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A Pocket Archive (21)

I finished pinning Aria's snowglobe to my 'magic' wall and stood back to admire it, feeling a happy glow well up in my chest. I always hated finger painting, but I'm glad she enjoys it. I'm sure I'm bias, but it's rather cute and I smile just looking at it.

It's funny how so many of the little things that drove me crazy growing up are now patterns I've adopted, and many of them do seem like they make my whole world brighter. The living room in my parent's trailor always felt dirty and cluttered, with a ceiling that was too low and carpet squares that always felt grainy under your feet. Every inch of wall space seemed to be covered with old art projects or photographs, which were all arranged in a way that made the space feel claustrophobic. Sure, my house was was full of love, but it was never tidy and undeniably an aesthetic disaster (which was mostly okay- children aren't designed to be inside all the time anyways). My walls are slowly filling up too, but the ones here...well, mine are beautiful and I dread the thought of packing everything up when I move. For now at least, this is is perfect.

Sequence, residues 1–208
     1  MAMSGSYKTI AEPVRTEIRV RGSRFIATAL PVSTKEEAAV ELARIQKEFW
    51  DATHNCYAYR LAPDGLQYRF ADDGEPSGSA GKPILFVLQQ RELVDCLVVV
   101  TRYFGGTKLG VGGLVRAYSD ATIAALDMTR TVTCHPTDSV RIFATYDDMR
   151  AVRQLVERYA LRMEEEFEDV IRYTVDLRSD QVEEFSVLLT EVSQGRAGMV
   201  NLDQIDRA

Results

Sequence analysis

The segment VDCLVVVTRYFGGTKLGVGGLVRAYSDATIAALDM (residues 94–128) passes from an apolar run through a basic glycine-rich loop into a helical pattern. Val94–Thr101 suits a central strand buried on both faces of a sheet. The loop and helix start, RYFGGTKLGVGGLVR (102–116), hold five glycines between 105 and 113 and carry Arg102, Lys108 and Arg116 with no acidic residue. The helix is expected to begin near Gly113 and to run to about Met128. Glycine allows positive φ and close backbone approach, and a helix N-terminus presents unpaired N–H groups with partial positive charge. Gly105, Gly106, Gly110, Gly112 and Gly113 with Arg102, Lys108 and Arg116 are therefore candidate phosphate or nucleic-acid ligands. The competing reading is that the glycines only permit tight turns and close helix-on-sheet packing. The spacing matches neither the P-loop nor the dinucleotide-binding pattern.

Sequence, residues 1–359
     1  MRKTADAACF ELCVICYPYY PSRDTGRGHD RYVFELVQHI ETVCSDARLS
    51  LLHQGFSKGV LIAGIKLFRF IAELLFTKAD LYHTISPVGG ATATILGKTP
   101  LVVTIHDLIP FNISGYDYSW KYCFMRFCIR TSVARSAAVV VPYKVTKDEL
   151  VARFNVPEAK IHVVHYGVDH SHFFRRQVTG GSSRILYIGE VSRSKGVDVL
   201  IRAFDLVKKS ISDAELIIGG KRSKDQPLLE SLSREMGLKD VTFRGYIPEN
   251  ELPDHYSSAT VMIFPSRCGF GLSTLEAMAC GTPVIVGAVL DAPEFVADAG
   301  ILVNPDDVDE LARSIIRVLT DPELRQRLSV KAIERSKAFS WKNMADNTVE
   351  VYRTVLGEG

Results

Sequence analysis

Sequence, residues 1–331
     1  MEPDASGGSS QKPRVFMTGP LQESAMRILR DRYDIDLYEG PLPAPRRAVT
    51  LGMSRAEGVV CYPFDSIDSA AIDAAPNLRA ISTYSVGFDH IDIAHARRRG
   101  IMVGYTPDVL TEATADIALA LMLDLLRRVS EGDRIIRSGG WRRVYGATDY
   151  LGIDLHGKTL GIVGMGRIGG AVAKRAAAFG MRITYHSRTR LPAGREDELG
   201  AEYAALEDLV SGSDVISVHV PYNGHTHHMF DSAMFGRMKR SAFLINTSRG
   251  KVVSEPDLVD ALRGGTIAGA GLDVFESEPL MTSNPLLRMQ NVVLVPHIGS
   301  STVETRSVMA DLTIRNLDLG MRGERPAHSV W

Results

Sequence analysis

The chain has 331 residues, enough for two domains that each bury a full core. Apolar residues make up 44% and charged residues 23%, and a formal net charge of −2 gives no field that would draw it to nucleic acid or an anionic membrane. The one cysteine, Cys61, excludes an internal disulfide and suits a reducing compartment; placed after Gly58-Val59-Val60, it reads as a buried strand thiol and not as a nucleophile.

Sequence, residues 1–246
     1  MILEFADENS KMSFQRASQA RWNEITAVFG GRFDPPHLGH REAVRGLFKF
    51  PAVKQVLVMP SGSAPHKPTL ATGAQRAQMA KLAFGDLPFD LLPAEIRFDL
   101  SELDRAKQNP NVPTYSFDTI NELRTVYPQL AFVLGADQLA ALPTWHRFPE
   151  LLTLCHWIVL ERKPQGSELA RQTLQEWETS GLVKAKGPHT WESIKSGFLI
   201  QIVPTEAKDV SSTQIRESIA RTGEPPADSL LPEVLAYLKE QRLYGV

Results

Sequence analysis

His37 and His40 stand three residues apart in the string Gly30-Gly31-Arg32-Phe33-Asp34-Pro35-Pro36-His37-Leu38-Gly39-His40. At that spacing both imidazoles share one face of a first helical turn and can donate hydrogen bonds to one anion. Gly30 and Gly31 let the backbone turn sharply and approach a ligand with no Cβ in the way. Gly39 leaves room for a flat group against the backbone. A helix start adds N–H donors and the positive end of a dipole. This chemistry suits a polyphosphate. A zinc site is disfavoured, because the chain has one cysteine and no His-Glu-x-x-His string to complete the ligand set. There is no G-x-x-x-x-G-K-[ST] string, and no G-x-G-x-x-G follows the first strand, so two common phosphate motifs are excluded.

I stared at the tiny blue and white fingerprints a bit longer, then sighed and plopped into the sagging computer chair by the drawing table. I find myself thinking of my own mother a lot lately, and I still have something for her that I've been meaning to send since Christmas. In the bag hanging from the armrest was a thick red journal with a lonely tree embossed on the cover. I reached in and pulled it out before placing it on the front on me. I'd wanted to write her a letter for a while, so, after thinking for a moment, I pulled the green fountain pen from behind my ear and opened to the first flyleaf to inscribe the following:

Dear Mom,